My movie dissociation could be because of the many shootings that fill our papers and screens. The violence in the news and in our neighborhoods is more than numbing; it’s scary and sad. The change may be me – age and it’s possible that I could be seeing the wrong movies. Whatever the cause, it is definitely affected my movie going. I am too aware of the movie habit of solving any and all conflicts with a bigger boom. There’s no suspense in that.

I’m going to hold out for better. Older movies that rely on character, dialogue, and imaginative plotting could do it. Resolution through cleverer means.

Or I might go see a film.

David Potash

Opioids – America’s Killer

An epidemic of opioids, opiates, prescription drugs and illegal narcotics, is killing record numbers of Americans. This isn’t news – it is a massive public health problem that has been getting worse for several years. The statistics are staggering. A New York Times article highlights that overdoses are the leading cause of death for Americans under the age of 50. Nearly 100 Americans die every day from these drugs, prescribed or purchased illegally. It is having a disastrous effect on hundreds of thousands of families, communities across the country, and our economy.

We are getting a better sense of the how of why of this crisis. I count myself among those who did not comprehend its scope or causes. I knew that drug addiction was a continuing issue. But I had little sense to the pervasiveness and devastation stemming from opioid addictions and heroin use. A host of new reports and government actions has informed and awakened broad attention across the country. Even with the attention experts predict that numbers of deaths will continue to rise for the next few years.

Several factors have led this disastrous state of affairs. Pain management became a focus within healthcare, and cost concerns have led to more and more “pill” solutions to chronic pain. The economics of healthcare, in other words, propelled certain kinds of prescriptions and certain kinds of business to profit from these changes. An increase in cheap heroin – coupled with new drug selling techniques – provided more fuel, as did a host of new synthetic opioids. Knowing the root causes is important if we are to effect long-term, meaningful change. We need to address this as a nation and in our communities: opiates are ending and ruining lives.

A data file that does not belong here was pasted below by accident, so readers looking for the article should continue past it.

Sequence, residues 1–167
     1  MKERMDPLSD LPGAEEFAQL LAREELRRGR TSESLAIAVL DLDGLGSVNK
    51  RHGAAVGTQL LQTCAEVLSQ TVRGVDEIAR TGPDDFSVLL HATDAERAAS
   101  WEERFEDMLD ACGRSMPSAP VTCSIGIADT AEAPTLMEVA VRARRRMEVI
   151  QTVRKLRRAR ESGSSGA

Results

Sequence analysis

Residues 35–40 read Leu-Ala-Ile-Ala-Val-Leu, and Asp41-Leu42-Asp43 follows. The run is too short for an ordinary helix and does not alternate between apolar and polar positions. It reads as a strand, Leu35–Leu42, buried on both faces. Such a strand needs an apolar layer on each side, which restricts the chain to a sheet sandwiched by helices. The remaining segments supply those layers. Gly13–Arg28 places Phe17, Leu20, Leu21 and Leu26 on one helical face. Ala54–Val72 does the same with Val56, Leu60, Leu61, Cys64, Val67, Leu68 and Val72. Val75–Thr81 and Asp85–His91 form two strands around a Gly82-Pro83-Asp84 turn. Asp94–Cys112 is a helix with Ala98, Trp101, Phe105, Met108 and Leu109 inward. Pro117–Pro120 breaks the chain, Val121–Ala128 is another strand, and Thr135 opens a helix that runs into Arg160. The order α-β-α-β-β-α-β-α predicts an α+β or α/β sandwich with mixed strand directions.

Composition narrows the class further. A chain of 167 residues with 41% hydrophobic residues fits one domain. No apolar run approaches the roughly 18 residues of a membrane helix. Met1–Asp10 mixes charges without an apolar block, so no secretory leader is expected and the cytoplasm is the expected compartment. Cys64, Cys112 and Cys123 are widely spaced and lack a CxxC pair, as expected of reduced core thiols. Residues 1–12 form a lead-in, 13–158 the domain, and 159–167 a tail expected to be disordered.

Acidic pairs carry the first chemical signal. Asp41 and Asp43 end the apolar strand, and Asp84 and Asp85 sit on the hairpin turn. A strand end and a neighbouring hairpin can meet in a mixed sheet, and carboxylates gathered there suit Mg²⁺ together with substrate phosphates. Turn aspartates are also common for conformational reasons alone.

One of the best accounts of how this crisis came to pass is Sam Quinones’s Dreamland: The True Tale of America’s Opiate Epidemic. Quinones is a journalist who has researched in the US and Mexico. Familiar with both cultures, he brings an on-the-ground feel to his reporting as well as a love of story-telling. He is a relentless journalist and a captivating writer. Dreamland won a well-deserved National Book Critics Award and is on many “best book of 2015” lists.

Quinones weaves together many narratives to make sense of this complicated epidemic. His perspective is through the eyes and words of people connected to the issue: doctors, addicts, parents, children, dealers, community leaders, and police. One thread is about how middle, rust belt America became the ground zero for black tar heroin. “Dreamland” was a swimming pool in Youngstown, Ohio. Long-ago it was a place of joy, family leisure, and a representational shared good among the town’s many residents. Gone for many years, its memory hovers as a far away time when life was better and more optimistic. Changes in the economy and culture, marked by job loss, fewer prospects, and the proliferation of prescription painkillers, highlight the Youngstown of the 2000s.

Quinones explains how our more recent world set the stage for increased drug use. The massive increase in the how and why of prescription pain-killers – in particular Oxycontin – is another thread. He takes us to medical conferences, doctor’s offices, and the pain clinics that sprung up in middle America. The development, marketing and distribution of heroin from the “Xalisco Boys” of Mexico. These young men, born in poverty in a small Mexican town, sought a better life. Often relatives or neighbors, many came to the United States to take part in the lucrative drug trade. Organized into small cells, they first sold heroin in the smaller towns and cities away from the established organized drug trade. The Xalisco Boys model was different. They only carried small amounts of the narcotics, never used the drugs, and were drilled into customer (addict) service. They had a growing market, an increased number of Americans who had an opioid addiction.

The American communities’ responses to the crisis forms another narration. Many parents never admitted that their sons or daughters were addicted. Deaths from a drug overdose was rarely reported and not often studied. Only when the numbers began to add up did families, communities, and public health officials begin understand the scope and massive spread of the problem. The journey of analysis and comprehension is another thread, as is the work of police in figuring out what was happening to their towns and cities. Fighting this spread of heroin called for different kinds of policing and prosecution.